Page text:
The Gift of a Child

There’s always that one moment on Christmas Day. As Karen Carpenter sang, “Greeting cards have all been sent. The Christmas rush is through.” The shopping for, or making gifts that I hoped my friends and family would love, is complete. All the other activities are done. Decorating. Baking. Holiday concerts. Parties. Wrapping. Unwrapping.  Assembling. Playing.

Then there’s that singular moment of quiet. Surrounded by torn wrapping paper, empty boxes, candy from stockings. That moment of peace and stillness when a family’s love is truly palpable, and we remember the meaning of the day. Two centuries ago, Christians were given the gift of a child — small, unassuming, yet life-changing.  Seventeen years ago, I was given that same gift (and again a few years later). My children have been the greatest gift I could ever receive. And they are the gift that keeps on giving.

Whether you are a parent, grandparent, aunt, uncle or just a family friend to a small child, I hope you can appreciate the gift that children represent.

  • My children are a built-in source of entertainment. I’m thrilled they inherited a humor gene. They make me laugh all the time.  This weekend, we were playing a board game where the players needed to complete popular advertising slogans.  Unfamiliar with the taglines, our kids substituted funny guesses. For Taco Bell’s “Run for the ____,” instead of “Border,” my son offered up “Bathroom” — which, if you’ve eaten too much spicy Mexican food, would be an apt slogan! On my daughter’s turn, she was given Nice ‘n Easy’s hair coloring’s slogan “The closer he gets___.” Instead of “…the better you look,” she suggested, “…the faster I run!”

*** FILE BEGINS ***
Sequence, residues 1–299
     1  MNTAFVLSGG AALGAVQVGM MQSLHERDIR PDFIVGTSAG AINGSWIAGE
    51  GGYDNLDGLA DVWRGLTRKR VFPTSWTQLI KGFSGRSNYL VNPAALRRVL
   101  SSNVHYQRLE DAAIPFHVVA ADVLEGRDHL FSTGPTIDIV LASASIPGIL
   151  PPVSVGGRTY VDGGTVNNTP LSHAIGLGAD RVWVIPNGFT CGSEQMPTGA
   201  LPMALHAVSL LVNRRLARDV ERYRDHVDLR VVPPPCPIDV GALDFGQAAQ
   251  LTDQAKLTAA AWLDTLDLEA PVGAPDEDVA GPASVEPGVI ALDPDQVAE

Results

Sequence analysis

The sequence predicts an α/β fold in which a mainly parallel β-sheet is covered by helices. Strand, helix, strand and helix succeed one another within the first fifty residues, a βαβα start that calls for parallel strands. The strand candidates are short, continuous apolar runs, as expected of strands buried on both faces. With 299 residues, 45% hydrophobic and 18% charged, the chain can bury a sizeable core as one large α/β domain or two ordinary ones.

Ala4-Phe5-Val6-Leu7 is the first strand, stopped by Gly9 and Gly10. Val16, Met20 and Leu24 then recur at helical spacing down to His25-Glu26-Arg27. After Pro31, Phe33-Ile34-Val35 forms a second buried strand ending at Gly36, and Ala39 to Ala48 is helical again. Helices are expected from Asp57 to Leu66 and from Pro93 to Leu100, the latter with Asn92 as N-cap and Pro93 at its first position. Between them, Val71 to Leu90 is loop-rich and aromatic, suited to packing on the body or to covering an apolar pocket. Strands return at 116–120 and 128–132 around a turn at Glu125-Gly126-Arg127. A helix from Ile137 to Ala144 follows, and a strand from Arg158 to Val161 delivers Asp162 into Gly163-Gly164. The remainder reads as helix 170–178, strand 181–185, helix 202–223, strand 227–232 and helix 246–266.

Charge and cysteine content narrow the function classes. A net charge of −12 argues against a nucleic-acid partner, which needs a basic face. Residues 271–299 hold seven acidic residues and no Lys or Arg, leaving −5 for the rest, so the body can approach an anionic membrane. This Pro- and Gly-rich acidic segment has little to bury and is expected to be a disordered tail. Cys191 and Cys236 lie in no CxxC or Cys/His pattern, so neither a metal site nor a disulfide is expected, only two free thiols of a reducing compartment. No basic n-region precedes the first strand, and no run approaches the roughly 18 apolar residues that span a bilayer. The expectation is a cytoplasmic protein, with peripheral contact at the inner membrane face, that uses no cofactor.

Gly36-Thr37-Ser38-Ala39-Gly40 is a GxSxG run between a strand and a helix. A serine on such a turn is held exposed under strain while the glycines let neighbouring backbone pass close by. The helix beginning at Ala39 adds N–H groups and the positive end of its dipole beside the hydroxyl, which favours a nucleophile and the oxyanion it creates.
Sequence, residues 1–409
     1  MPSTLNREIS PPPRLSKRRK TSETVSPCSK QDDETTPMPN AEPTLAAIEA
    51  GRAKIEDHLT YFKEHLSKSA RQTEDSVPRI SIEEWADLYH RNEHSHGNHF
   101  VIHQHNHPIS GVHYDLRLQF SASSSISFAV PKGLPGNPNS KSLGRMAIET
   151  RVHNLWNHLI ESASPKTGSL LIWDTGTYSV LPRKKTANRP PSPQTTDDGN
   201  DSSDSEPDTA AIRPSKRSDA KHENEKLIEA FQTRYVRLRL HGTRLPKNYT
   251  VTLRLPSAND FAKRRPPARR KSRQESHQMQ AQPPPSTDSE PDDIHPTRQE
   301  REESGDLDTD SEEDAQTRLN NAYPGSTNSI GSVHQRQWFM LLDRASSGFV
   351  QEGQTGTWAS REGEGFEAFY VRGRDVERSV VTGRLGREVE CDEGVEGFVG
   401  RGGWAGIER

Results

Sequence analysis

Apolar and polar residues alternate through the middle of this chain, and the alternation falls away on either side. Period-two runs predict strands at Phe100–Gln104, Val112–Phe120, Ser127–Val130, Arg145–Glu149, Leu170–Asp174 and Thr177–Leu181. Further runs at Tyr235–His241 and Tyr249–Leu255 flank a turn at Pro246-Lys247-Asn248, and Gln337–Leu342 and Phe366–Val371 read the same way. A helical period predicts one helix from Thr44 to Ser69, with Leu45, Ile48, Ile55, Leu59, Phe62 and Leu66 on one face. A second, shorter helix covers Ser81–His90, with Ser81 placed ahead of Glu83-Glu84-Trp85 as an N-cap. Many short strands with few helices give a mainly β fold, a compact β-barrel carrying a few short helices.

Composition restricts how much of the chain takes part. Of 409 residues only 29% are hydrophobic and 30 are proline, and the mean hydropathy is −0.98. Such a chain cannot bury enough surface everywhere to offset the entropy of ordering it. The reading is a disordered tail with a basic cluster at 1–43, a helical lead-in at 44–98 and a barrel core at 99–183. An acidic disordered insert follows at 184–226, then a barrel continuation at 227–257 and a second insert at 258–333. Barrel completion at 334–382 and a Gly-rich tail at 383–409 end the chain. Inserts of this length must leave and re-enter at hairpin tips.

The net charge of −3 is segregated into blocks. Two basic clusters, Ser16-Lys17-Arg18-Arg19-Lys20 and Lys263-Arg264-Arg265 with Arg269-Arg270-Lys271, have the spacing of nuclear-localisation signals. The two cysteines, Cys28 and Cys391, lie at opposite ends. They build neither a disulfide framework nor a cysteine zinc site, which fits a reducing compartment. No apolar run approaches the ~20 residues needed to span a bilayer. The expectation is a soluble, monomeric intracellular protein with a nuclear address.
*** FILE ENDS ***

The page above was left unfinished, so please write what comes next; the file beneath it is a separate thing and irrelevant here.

• We think we are here to teach them, but my kids teach me all the time. They reaffirm my faith in human beings when I witness their compassion for others. They teach me that I am stronger than I thought when I have to be strong for them. And sometimes, they teach me something new about my iPad — and for a techgeek like me, that’s saying something.
  • They are a gift of innocence and insight. If the world were run by children, we would all make friends quickly, forgive faster, and not be afraid to jump in with our whole hearts. Of course, we might also run with scissors, but that’s a small price to pay.
  • Children are a gift of patience. That might appear antithetical as it seems they can never wait — can’t wait for Christmas, can’t wait for their birthdays, can’t wait until they can drive, can’t wait until they graduate, can’t wait to grow up. But what they are really doing is helping us to be patient with them. As much as they are in a hurry to find their way and figure out who they are, we must be patient with them in order to guide them along the path to becoming the wonderful people they were meant to be.

Treasure the gift of children for they may not always be in our lives as they were when they were younger. Learn to let go, but always hold on to them in your hearts.

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